Mentoring Young Black Men in Charlottesville

Jul 6, 2016

Last month, a Charlottesville organization to mentor young men of color beat out more than one hundred other groups across the country to get the 100 Black Men of America’s chapter of the year award for mentoring.  WMRA’s Jordy Yager talked with some of the young men who have excelled in the program, and their mentors.

Belonging to the 100 Black Men of Central Virginia is no cake walk. It’s the largest African-American mentoring program in the area for more than 200 middle and high school students. And the kids fall under some pretty tight scrutiny.

BERNARD HAIRSTON: We track things such as their daily attendance in school, their discipline referrals, their grades.

Dr. Bernard Hairston is the president of the Charlottesville-based group, which began seven years ago.  Adult mentors in the organization take the young mentees under their wings. They push them to excel in and out of school, and expose them to new opportunities. And Hairston says, something interesting has happened along the way.

HAIRSTON: And most recently, I was impressed to see how many of our young men who have gone through our mentoring program, and they have emerged as student leaders.

Presidents and vice presidents of their class, English Honors Society, National Mentee of the Year, Hairston says everywhere he looked, the group’s young men were striving towards this year’s theme of “leadership impact.”

HAIRSTON: Leadership is an attitude, and as long as our young men see individuals with the attitude and the belief that they are in need of being a leader, they will step up.

On a recent Monday evening at Burley Middle School, where Hairston served as principal for nearly a decade, he brought together five of these student leaders to share their experiences with the up and coming generation. 

HAIRSTON: And so the whole idea of having this program is “what they see is what they’ll be.” When they see young men who are leaders in their schools, the younger ones will aspire, set realistic goals. And we’re going to see it emerge, we’re going to see this thing grow. Our mission is about eliminating achievement gaps, and when we present positive images of our young men, we’re just going to see this growth mindset change this whole community, just from growing up and growing out.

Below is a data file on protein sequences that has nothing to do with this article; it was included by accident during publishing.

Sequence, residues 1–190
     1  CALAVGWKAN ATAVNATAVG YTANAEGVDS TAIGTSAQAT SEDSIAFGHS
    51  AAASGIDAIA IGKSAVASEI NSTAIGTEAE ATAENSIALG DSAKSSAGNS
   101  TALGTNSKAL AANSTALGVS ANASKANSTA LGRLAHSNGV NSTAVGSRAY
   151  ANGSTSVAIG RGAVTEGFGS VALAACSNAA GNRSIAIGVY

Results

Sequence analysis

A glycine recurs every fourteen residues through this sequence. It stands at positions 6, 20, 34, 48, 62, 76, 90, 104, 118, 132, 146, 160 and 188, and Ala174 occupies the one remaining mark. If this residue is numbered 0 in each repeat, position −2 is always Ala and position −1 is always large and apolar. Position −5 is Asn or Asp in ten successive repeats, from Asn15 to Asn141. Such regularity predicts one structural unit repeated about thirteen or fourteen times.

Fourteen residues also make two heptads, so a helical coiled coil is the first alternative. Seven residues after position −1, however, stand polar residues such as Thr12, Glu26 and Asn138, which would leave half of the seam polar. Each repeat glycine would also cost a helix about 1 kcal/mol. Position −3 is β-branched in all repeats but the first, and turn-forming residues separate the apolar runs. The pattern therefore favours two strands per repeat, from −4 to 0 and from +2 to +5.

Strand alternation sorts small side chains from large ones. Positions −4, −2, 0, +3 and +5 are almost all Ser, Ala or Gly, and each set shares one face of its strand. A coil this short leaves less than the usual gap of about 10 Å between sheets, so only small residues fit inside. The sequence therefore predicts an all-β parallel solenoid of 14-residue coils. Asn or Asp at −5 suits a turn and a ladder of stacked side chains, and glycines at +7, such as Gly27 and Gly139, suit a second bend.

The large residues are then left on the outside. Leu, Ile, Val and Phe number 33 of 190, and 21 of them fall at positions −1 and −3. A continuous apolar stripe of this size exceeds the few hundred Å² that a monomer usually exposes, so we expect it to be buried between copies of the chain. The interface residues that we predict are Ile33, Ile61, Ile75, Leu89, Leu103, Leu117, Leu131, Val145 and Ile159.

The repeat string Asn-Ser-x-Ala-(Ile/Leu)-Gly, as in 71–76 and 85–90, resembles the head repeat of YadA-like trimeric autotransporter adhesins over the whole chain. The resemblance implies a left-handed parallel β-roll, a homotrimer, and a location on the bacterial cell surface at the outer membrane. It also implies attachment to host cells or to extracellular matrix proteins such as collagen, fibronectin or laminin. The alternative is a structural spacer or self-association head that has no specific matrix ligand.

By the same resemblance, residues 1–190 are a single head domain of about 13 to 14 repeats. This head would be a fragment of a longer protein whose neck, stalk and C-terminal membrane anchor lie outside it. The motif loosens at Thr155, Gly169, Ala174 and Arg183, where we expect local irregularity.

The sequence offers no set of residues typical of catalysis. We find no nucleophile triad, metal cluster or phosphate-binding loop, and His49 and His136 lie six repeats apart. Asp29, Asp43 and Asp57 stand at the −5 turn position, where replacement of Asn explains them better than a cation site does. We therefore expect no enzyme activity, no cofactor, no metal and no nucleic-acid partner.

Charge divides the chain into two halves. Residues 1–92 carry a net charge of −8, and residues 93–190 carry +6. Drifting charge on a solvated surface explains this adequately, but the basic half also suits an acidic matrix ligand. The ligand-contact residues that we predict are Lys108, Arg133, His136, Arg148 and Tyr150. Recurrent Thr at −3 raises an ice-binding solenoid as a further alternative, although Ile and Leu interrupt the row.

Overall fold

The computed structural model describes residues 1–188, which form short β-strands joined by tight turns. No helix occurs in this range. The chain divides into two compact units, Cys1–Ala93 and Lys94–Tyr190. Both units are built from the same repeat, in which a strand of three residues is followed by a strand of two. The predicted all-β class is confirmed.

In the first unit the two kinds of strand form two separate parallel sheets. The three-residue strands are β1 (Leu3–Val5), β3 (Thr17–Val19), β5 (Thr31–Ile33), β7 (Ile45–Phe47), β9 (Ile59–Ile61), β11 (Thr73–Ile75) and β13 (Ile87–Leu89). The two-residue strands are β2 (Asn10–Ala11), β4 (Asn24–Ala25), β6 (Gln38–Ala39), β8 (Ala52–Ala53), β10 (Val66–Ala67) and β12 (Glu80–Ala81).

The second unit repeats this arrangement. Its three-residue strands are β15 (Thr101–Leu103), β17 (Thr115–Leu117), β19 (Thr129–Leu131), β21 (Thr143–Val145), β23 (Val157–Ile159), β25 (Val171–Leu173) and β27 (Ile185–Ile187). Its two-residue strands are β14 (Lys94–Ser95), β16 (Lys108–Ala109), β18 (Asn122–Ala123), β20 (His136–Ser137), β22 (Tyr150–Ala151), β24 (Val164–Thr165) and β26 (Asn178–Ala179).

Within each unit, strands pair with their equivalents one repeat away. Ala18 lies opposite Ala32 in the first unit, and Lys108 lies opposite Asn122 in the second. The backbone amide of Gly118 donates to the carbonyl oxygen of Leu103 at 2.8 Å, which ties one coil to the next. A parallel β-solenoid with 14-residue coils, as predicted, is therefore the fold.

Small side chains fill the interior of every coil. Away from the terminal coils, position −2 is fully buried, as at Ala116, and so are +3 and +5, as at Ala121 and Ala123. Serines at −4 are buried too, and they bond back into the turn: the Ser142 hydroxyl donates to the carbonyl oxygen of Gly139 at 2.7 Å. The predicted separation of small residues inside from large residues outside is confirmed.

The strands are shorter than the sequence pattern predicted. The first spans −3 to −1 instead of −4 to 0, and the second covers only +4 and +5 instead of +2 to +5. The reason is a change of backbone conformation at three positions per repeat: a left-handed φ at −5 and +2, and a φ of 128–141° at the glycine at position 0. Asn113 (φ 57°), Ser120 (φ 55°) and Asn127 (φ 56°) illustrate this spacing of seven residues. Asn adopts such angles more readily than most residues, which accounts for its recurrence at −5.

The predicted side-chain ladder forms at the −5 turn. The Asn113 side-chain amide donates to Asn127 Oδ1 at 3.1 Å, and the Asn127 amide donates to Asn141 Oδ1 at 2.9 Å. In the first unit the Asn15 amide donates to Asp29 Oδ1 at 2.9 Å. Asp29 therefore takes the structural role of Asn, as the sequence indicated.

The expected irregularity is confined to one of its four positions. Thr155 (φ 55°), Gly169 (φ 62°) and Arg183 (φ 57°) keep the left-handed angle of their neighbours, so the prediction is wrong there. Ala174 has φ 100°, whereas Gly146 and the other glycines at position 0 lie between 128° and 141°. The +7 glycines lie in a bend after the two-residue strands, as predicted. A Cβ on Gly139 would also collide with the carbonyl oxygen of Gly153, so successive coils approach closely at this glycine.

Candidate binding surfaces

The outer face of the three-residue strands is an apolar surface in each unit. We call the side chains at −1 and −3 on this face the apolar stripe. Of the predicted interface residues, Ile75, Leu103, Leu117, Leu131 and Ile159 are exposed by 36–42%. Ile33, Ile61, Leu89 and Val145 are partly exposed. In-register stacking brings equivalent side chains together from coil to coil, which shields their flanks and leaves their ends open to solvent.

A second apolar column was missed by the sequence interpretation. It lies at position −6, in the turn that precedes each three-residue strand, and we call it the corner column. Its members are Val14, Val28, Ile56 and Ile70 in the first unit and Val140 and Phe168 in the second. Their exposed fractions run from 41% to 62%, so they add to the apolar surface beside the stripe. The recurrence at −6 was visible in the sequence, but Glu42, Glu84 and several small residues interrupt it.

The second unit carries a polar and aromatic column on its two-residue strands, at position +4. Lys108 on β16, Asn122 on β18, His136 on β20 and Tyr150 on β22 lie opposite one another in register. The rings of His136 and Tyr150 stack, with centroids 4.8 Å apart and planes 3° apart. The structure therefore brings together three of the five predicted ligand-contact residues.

The five students sat as panelists behind a long table in the school’s cafeteria and addressed the audience of more than 50 younger kids and their parents.

ANDREW MARTIN: Alright, so my name is Andrew Martin, I’m in the 8th grade at Sutherland Middle School, and I’m also the president of the school, so yeah, I’m the president of the school.

Martin’s mentor is Wes Bellamy, the only African-American member of Charlottesville’s City Council and the city’s vice-mayor. Bellamy’s also a high school teacher and a member of the Virginia Board of Education. He’s characteristic of many of the mentors, who hold leadership roles themselves, setting examples for the kids.

MARTIN: A lot of people helped me out. If they didn’t help me out, I wouldn’t be at the point I am today, so they’ve had a really big impact on my life. And, the way I’d describe a leader is: A person who, when there’s bad times, he rises to the occasion, he doesn’t fall to the occasion. Exact quotes from Wes Bellamy.

Mentors don’t take the place of parents necessarily, but rather, they add to the family experience, working together to connect them with a broader community outside the home. Parents in the audience asked the panel of students a wide range of questions, from what advice they would offer younger kids to how they would respond to negative feedback as leaders.

Ny-Jhee Jones has been in the 100 Black Men since he was in 6th grade. In the fall, he’s headed to George Mason University. Jones recently went to the prestigious Governor’s School for Fine Arts program and he tells the crowd that he’s been the only African-American lead all four years in theater productions at Monticello High School.

NY-JHEE JONES: I guess you could say I started that movement of starting the diversity in the theater department of Monticello, so I’m pretty proud of that. Are there other questions?

MIKE TERRY: Yeah, let me ask you, you said you’re the first African-American to be on the drama club.

JONES: Right.

TERRY: If you didn’t see anyone there looking like you, what prompted you to want to be a part of it?

JONES: They’re a lot of girls in theater.  [laughter]

But in all seriousness, Jones tells the younger kids in the audience to follow their passions—pursue activities that truly interest them, even if their friends aren’t doing them.

Afterwards, I wanted to see what impact their advice had on the younger members of the crowd.  And so, with Dr. Hairston by his side, I caught up with 12-year old TJ Brooks. He’s been in the 100 Black Men of Central Virginia for about 4 years, and is entering 8th grade at Henley Middle School this fall.

JORDY YAGER: And what did you think of tonight?

BROOKS: Well, It showed a lot of us that we’re not the only ones striving to be, we can stand out as a person, but that we all could be leaders, we all could show other people how leaders act…my personal belief of leadership is like, having someone to look up to, like a role model or having someone that you could strive to be when you get older.

YAGER: Do you have a role model that you look up to?

BROOKS: Dr. Hairston.